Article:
#1
So I'm trying to learn about major scales and the relevant minors. So how can I figure out what the relevent minor is without using google?
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#2
the major sixth above.
Or a minor third below.

So from the major tonic go down three semitones and that is the tonic of the relative minor..

E.G. C major = C D E F G A B C

Relative Minor is A minor = A B C D E F G A
Si
Last edited by 20Tigers at Mar 2, 2012,
#4
A minor third is it a whole step higher than a 5th?
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#5
From your major scale root count backwards three semitones.

So from D major you would go down to C# down to C down th B and the relative minor would be B minor

From A major you would go down to G# down to G down to F# and F# minor is the relative minor of A major.

So here's your chromatic scale: I'm just using sharps here but the sharps could also be flat (so C# could be written as Db; D# could be written as Eb etc)

C C# D D# E F F# G G# A A# B C

So if your major is F# major then the relative minor is D# minor.


***
If you want to go from minor to find relative major just go up three semitones.
Si
#6
Quote by Kilty Boxers
A minor third is it a whole step higher than a 5th?

A major sixth is a whole step higher than a perfect fifth.

So yeah you're on the right track (i think). if you know your perfect fifths then just go up one whole step and that is the root fo the relative minor.


But if you're going up from the root a minor third is a two whole steps LOWER than a Perfect 5th.
Si
Last edited by 20Tigers at Mar 2, 2012,
#8
If you want it dumbed down: To find your relative minor, go down three frets. To find your relative major, do the opposite.
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#9
You should learn your intervals. Best place to start is with the Perfect fifths.

Learn to sing them as well so you can recognize the sound of a perfect fifth as well as being able to spell it.
Si
#10
I spelled it wrong? Shit... Um do you have a dial up friendly link?
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#11
Also, does the relevant minor thing only work for the standard major scales or could you like do it with like the phrygian scale to?
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#12
First of all, relative minor, not relevant minor
Second, don't think about modes now, no phrgian for you... learn the basics, learn the chromatic scale, intervals, major scale, circle of fifths
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#13
Quote by mrkeka
, don't think about modes now


+1, they are not relevant at this time.
shred is gaudy music
#14
Quote by GuitarMunky
+1, they are not relevant at this time.


i see what you did there.

i recommend taking a few steps back and approaching theory from the bottom up. it'll make things much clearer for you. start at the very foundation, and then advance when you've got a firm grasp on it.
Anfangen ist leicht, Beharren eine Kunst.
#15
Thanks everyone! Sorry for sounding stupid...
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#16
Quote by Kilty Boxers
So I'm trying to learn about major scales and the relevant minors. So how can I figure out what the relevent minor is without using google?


Actually, it's "relative minor". The RELATIVE minor key begins on the sixth of every major scale. So, you have to know the notes of any, (or every) major scale before you can determine the minor.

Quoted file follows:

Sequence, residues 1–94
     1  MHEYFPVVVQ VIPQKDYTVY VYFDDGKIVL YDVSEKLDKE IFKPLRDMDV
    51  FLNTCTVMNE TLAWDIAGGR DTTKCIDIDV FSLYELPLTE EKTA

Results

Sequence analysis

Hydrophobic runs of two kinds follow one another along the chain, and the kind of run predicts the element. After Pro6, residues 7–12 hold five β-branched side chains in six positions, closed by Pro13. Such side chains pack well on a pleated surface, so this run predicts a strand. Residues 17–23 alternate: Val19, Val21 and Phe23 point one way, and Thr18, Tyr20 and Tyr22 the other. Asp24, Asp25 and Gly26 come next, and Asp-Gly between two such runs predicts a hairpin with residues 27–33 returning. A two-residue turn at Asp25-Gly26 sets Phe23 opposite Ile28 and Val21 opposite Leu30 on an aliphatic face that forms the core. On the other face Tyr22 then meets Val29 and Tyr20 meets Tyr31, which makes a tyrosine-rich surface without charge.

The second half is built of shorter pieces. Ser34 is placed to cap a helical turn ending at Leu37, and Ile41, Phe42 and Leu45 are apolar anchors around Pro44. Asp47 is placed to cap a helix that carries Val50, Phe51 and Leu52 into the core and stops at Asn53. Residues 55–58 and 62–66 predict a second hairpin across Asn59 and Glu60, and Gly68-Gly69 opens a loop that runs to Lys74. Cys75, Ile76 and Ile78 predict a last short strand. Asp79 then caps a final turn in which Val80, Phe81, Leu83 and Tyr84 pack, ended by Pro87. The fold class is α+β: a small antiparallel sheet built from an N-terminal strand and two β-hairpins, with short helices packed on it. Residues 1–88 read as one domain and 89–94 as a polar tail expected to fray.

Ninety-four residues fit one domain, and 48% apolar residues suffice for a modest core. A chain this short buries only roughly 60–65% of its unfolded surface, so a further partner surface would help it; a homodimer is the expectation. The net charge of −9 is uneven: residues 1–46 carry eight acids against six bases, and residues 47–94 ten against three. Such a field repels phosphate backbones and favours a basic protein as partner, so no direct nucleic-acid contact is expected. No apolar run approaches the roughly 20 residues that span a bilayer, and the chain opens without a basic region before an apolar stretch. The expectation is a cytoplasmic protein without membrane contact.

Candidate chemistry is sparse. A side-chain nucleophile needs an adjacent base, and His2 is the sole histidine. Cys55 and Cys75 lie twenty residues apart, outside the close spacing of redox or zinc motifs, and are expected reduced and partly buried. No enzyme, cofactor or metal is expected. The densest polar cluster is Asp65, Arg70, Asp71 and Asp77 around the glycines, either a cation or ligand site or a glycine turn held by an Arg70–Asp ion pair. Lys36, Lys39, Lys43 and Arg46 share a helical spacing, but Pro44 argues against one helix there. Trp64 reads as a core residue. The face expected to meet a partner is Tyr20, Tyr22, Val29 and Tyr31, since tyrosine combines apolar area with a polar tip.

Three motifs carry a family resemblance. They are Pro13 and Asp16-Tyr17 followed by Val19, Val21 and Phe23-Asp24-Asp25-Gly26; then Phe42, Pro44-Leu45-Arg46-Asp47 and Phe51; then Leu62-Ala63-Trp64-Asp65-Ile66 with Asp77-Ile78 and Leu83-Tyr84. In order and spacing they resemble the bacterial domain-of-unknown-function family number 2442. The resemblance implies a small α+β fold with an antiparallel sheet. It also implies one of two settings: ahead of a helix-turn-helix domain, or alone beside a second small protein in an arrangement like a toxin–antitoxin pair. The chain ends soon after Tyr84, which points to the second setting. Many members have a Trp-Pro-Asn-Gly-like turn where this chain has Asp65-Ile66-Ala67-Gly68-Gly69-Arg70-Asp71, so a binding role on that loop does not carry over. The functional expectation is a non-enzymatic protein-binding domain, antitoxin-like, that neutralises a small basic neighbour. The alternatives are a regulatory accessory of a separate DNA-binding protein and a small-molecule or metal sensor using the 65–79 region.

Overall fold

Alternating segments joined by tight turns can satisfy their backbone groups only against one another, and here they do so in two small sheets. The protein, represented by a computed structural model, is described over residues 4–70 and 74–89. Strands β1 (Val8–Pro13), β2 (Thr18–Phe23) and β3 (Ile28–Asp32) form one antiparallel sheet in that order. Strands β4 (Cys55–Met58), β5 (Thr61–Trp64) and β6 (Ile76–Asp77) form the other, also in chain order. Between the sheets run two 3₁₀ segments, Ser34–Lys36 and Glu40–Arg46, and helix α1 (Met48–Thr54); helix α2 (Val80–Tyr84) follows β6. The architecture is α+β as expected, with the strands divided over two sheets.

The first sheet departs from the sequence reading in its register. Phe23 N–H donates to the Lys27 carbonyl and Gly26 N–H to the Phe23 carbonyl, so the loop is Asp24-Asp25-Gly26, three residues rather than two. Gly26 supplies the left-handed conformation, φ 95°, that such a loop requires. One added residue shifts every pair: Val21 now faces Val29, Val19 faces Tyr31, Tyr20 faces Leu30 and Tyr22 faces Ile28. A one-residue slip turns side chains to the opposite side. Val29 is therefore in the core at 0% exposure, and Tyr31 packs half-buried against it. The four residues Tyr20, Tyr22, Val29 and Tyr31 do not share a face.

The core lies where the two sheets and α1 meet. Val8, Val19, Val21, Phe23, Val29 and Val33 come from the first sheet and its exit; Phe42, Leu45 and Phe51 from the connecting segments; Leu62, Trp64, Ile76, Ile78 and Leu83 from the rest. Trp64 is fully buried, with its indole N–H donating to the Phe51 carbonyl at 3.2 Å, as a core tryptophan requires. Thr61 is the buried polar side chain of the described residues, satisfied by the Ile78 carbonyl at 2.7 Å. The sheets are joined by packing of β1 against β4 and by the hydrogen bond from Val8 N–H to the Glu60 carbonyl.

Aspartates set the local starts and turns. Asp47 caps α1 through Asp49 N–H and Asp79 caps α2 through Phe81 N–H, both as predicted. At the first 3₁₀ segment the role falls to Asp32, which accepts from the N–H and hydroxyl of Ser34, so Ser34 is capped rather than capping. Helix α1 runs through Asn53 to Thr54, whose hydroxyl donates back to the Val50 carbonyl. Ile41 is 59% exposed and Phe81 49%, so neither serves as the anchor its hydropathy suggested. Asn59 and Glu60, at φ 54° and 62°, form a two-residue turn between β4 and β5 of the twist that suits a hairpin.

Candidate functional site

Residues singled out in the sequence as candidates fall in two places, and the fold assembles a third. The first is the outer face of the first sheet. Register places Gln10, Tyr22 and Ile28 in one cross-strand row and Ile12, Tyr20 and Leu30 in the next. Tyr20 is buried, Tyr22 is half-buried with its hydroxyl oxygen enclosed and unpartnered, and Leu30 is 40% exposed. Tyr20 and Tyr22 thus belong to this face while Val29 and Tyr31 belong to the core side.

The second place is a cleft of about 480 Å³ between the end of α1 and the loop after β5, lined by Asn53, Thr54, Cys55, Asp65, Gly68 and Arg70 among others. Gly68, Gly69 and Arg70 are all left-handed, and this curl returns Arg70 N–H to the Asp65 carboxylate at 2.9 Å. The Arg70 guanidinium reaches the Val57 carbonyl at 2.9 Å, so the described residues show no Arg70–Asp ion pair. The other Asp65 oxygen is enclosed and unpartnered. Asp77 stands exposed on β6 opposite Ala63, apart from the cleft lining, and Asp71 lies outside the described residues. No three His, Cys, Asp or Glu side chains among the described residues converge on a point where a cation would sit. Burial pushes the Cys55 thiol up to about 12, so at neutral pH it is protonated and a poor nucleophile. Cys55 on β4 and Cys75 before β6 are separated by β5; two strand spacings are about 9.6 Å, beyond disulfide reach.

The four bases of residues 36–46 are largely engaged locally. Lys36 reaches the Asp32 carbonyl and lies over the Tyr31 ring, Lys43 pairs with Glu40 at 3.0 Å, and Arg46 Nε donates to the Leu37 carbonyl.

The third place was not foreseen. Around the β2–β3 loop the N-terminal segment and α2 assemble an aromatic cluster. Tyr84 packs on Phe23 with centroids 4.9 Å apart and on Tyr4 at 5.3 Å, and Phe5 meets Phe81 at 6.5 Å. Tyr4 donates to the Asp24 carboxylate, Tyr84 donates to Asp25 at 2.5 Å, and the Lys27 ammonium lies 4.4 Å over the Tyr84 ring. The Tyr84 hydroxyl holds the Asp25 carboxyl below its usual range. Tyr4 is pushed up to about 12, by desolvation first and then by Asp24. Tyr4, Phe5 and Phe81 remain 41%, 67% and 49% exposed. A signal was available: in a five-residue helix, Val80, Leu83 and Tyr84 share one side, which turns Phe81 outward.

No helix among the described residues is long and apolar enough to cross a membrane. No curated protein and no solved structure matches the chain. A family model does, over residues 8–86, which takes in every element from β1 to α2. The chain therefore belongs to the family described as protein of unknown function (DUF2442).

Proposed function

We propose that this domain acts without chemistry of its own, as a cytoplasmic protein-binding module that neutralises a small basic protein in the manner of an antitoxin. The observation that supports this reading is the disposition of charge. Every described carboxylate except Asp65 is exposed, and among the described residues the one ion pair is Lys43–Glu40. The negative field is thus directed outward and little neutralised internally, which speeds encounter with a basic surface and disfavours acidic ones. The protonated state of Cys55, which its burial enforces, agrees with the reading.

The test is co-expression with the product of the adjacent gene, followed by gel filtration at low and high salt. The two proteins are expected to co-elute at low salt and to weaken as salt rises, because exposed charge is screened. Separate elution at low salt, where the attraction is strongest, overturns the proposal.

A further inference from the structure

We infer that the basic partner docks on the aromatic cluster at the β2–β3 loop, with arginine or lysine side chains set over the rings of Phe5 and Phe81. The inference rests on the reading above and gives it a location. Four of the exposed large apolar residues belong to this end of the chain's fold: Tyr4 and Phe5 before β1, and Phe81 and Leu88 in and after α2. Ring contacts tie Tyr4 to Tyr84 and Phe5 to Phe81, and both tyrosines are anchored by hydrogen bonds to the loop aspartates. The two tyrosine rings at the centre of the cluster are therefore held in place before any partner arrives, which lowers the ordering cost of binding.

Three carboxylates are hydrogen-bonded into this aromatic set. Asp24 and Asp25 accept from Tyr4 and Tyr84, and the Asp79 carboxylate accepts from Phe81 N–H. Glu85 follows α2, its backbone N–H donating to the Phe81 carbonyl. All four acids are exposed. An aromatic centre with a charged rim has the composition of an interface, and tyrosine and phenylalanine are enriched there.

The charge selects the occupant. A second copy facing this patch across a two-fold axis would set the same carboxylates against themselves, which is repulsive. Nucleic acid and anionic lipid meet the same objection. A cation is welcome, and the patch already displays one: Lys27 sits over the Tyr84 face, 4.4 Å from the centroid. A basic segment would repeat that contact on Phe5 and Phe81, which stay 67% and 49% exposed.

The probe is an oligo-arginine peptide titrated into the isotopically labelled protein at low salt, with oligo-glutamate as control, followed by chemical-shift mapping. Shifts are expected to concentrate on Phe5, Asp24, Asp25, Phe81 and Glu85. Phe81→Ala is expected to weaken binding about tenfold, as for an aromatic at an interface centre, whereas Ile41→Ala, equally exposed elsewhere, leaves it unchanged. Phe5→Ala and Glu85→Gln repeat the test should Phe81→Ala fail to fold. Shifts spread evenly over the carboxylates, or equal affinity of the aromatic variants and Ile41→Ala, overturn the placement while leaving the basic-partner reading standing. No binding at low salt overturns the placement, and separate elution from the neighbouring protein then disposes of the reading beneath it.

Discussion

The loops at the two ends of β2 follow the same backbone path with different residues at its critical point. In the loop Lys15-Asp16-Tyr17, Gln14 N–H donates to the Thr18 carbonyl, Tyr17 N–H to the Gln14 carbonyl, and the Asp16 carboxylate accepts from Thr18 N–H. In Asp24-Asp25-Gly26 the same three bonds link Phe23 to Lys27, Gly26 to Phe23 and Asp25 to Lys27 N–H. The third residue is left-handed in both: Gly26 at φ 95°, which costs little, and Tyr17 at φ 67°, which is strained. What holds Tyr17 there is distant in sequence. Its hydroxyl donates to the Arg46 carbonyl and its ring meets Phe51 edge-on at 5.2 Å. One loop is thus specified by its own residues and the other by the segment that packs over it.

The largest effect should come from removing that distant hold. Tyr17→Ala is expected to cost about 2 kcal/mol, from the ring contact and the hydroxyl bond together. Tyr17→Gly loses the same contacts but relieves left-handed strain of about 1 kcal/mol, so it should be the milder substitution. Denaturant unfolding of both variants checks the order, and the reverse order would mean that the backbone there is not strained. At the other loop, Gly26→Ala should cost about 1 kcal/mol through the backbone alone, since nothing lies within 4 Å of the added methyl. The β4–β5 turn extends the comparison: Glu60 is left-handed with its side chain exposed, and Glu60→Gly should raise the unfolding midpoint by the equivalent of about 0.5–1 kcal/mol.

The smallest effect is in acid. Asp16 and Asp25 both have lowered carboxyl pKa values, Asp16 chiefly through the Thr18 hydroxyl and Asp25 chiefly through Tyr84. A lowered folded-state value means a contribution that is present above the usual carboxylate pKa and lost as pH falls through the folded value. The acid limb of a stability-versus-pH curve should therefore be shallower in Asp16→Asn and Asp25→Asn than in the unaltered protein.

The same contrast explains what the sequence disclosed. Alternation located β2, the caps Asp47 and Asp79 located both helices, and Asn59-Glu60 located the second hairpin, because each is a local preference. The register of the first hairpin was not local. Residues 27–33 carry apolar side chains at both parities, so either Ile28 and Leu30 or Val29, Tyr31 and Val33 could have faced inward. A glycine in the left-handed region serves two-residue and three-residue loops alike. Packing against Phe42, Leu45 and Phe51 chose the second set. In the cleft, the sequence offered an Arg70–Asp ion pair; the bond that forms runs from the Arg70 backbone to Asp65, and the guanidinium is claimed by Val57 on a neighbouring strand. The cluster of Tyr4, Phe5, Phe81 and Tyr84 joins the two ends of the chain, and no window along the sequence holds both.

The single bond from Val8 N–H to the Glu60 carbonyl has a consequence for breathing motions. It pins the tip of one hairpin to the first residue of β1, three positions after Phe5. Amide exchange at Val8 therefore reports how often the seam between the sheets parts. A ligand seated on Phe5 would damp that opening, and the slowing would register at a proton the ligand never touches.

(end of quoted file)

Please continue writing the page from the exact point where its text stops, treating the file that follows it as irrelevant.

Frankly, writing out the notes of every major key for you, is above my pay grade, which is zilch.
#17
In addition to a major, students may choose a minor concentration in another contenet area. The minor may be in a subject unrelated to your major in which you have a personal interest or it could be related to your intended career path. For example, an individual planning to become a physician and operate a clinic may find completing a business minor useful. Perhaps you plan to go into public health but are more interested in the biological basis of disese; a biology major with a community health minor would be a great combination.
#19
You dont need all that fancy no how BRO just quit music theory and shit. All you need is to FEEL the music bro!


See ya on the street corner someday
#20
Quote by Go0ber
You dont need all that fancy no how BRO just quit music theory and shit. All you need is to FEEL the music bro!


See ya on the street corner someday



^^ Don't listen to this guy.


The relative minor of a major scale is the 6th of the the major scale.
Let's take the C major scale for example....
Which would be something like this...

C(1) D(2) E(3) F(4) G(5) A(6) B(7)

^^ So the relative minor of the C major scale would be A minor.


So if I were to simplify it even more. On the E string, C major scale would start on the 8th fret. To find the relative minor, you move 3 frets backwards. Which would be the 5th fret and that would be the A note.


Hope you understood this explanation. If not, I apologize for my poor explanation.
#22
Quote by Kilty Boxers
So I'm trying to learn about major scales and the relevant minors. So how can I figure out what the relevent minor is without using google?

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#23
Quote by Kilty Boxers
So I'm trying to learn about major scales and the relevant minors. So how can I figure out what the relevent minor is without using google?



Do you mean relative?

Learn how to construct the notes of every major scale.

Go to the 6th note of that scale.

That note is your relative minor of that Major scale/Key

Best,

Sean
#24
Quote by Kilty Boxers
Should I learn the circle of fifths?


You should. It's a helpful tool. I have mine memorized like the notes on my fretboard. It's great for on the fly scale constructions when you have to relate to the fretboard. Learn intervals too though, that will help with your ear and constructing/transcribing melodies.
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